Phakic Intraocular Lenses (P-IOLs)

Phakic Intraocular Lenses, or P-IOLs, are lenses made of plastic or silicone that are implanted into the eye permanently to reduce your need for glasses or contact lenses. Phakic refers to the fact that the lens is implanted into the eye without removing the eye’s natural lens. During phakic lens implantation surgery, a small incision is made in the front of the eye. The phakic lens is inserted through the incision and placed just in front of or just behind the iris.

P-IOLs are used to correct refractive errors. All phakic lenses approved by the FDA are for the correction of nearsightedness (myopia).

The cornea and natural lens of the eye focus light to create an image on the retina, much like the way the lens of a camera focuses light to create an image on film. The bending and focusing of light is also known as refraction. Imperfections in the focusing power of the eye, called refractive errors, cause images on the retina to be out of focus or blurred.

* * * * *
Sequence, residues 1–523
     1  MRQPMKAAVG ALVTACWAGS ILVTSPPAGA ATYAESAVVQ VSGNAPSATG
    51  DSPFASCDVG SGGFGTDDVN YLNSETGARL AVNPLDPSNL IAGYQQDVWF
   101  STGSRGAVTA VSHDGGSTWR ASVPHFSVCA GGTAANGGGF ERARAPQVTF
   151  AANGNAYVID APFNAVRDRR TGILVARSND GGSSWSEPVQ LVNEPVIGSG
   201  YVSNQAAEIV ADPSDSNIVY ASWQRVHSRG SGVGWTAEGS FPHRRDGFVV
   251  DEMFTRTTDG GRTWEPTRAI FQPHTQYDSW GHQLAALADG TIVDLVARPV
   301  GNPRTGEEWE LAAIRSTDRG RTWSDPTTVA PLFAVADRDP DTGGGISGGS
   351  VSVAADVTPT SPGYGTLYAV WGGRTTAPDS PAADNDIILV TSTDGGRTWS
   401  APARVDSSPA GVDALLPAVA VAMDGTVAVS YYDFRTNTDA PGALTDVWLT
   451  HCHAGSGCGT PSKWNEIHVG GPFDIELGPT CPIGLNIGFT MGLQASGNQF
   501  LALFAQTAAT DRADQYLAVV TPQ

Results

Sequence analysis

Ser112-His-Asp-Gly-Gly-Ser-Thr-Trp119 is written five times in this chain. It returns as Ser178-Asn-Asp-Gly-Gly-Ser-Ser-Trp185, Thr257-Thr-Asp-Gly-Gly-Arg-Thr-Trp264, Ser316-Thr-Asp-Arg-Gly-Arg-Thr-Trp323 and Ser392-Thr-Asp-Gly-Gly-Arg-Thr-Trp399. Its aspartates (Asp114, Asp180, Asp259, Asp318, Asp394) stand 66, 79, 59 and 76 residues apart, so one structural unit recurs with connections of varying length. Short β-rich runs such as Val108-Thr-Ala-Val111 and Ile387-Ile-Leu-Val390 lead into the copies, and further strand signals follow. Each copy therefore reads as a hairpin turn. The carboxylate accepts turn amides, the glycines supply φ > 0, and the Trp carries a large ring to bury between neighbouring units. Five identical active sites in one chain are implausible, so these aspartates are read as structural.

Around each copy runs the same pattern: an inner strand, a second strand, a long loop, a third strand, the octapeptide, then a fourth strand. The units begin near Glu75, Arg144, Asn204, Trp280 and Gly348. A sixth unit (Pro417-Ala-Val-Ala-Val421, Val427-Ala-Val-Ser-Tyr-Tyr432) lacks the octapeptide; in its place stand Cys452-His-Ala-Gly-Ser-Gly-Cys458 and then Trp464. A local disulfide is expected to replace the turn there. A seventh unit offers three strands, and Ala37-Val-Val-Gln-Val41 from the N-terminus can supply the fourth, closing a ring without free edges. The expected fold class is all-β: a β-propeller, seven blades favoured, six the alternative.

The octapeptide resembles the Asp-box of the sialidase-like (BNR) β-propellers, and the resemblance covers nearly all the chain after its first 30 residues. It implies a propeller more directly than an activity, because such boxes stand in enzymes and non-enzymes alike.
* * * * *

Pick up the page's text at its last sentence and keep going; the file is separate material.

People who are nearsighted have more difficulty seeing distant objects than near objects. For these people, the images of distant objects come to focus in front of the retina instead of on the retina.

What is the difference between P-IOLs and IOLs?

The difference between P-IOLs and IOLs: P-IOLs are implanted in the eye without removing the natural lens; IOLs are implanted after the eye’s cloudy natural lens (cataract) has been removed during cataract surgery.

As with any surgical procedure, it is important to consider the risks and benefits associated with an IOL surgery.

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